Guest Post: "Do You Believe?": Dianne Hartsock, Author of "Alex"

Today we have Dianne Hartsock, the author of “Alex” visiting with us! Welcome, Dianne!

Do You Believe?
            ALEX is the story of a reluctant psychic. I’ve always been fascinated by the paranormal and wanted to create a character who, by his very nature, could suspend disbelief for the duration of a novel.
            It’s not that I don’t believe a person can be psychic. I’ve had a few unexplainable happenings in my life. There was a time several years back when I was out shopping with my sister. Right in the middle of the mall we stopped and looked at each other. For some inexplicable reason we were suddenly worried about our brother. A few days later we learned that he had been in a hospital in Mexico, deadly ill, and had returned home to convalesce.
With ALEX, I wondered what extreme circumstances could lead to his ‘gift’. I decided it would have to start with his childhood. Alone and isolated, living with the anguish of abuse, perhaps a person’s mind would expand, seeking escape from the sadness and loneliness of life.
            I believed his isolation would also make him hypersensitive to the people around him. He’d be empathetic to the point where he could sense and sometimes see the emotions of others. Their thoughts would leap to him in a wave of a sympathetic connection.
            Here’s one example:
            “Doctor Beckett’s here. Will you let him take a look at you?”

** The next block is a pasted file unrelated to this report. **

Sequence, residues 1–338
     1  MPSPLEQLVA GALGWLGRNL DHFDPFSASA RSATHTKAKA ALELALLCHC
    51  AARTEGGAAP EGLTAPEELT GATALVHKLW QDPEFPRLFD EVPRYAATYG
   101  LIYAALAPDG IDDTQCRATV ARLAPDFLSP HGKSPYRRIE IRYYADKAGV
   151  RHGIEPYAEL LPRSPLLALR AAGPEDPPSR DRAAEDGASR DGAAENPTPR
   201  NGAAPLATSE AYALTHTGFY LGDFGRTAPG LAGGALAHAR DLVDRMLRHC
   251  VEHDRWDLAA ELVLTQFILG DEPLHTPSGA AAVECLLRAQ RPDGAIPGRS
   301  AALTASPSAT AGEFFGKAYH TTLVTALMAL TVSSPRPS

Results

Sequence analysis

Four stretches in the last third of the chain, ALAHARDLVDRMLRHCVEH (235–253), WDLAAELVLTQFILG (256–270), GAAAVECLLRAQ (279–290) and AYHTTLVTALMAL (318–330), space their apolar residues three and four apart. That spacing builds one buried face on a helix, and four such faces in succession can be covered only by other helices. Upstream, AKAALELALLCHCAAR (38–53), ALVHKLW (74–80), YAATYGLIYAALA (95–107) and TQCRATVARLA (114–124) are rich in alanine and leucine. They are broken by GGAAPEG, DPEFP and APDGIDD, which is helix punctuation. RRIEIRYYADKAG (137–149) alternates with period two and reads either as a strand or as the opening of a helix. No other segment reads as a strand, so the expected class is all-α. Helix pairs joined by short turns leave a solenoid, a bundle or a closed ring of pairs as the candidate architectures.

He widened his eyes in alarm. “What?”
“It’ll be okay, I promise. Will you do this for me? I called him because I’ve been worried about you.”
He looked closely at her. She seemed tired and stressed. “Okay. But will you stay with me?” He regretted sounding like a child. “Forget I said that.”
She nodded and called the doctor. When Beckett entered the room, Alex stared unwittingly at the angry swirls of purple and blue radiating from him. His thoughts became entangled in a web of the doctor’s own. He saw the images of a tiny girl with enormous blue eyes and a bleeding heart. “Megan,” he whispered, tears in his eyes for the little girl on the cold table.
Beckett gave him a piercing look but said nothing.
And again:
A knock on the front door disrupted their kiss. They both looked up and Jane reluctantly stepped from his arms. “Come in.”
The screen door creaked open and Ben joined them. There was strain around his eyes. He ran a hand through his hair, not meeting anyone’s eyes. Alex began to ask a question but fell silent when Ben glanced up. The man’s eyes were dark with emotion and his thoughts leaped to Alex in a wave of anguish.
“No,” Alex said.
Ben’s shoulders sagged. “Sally had a stroke this morning.”
“Oh, no,” Jane murmured.
“She doesn’t remember me.” He made a visible effort for self-control, folding his arms across his chest.
Alex cleared his throat. “Can we see her?”
“She’s in the ICU.” His armor cracked. “I can’t talk about her right now.”
“But …”
Ben cut him off with a sharp gesture, his voice bitter. “I don’t want to know what you see.”
Alex has many such experiences throughout the book. Can a person truly be psychic? I hope that with ALEX I’ve shown one way it could be possible.
Alex is twenty and confused.  He always is.  The world presses on him with its horrors and pain, with scintillating auras that pierce his eyes and drive the migraines deeper. He hears the cries of children, the screaming women. He sees the brutal images of the tortured victims. He feels out of control and his mind slips…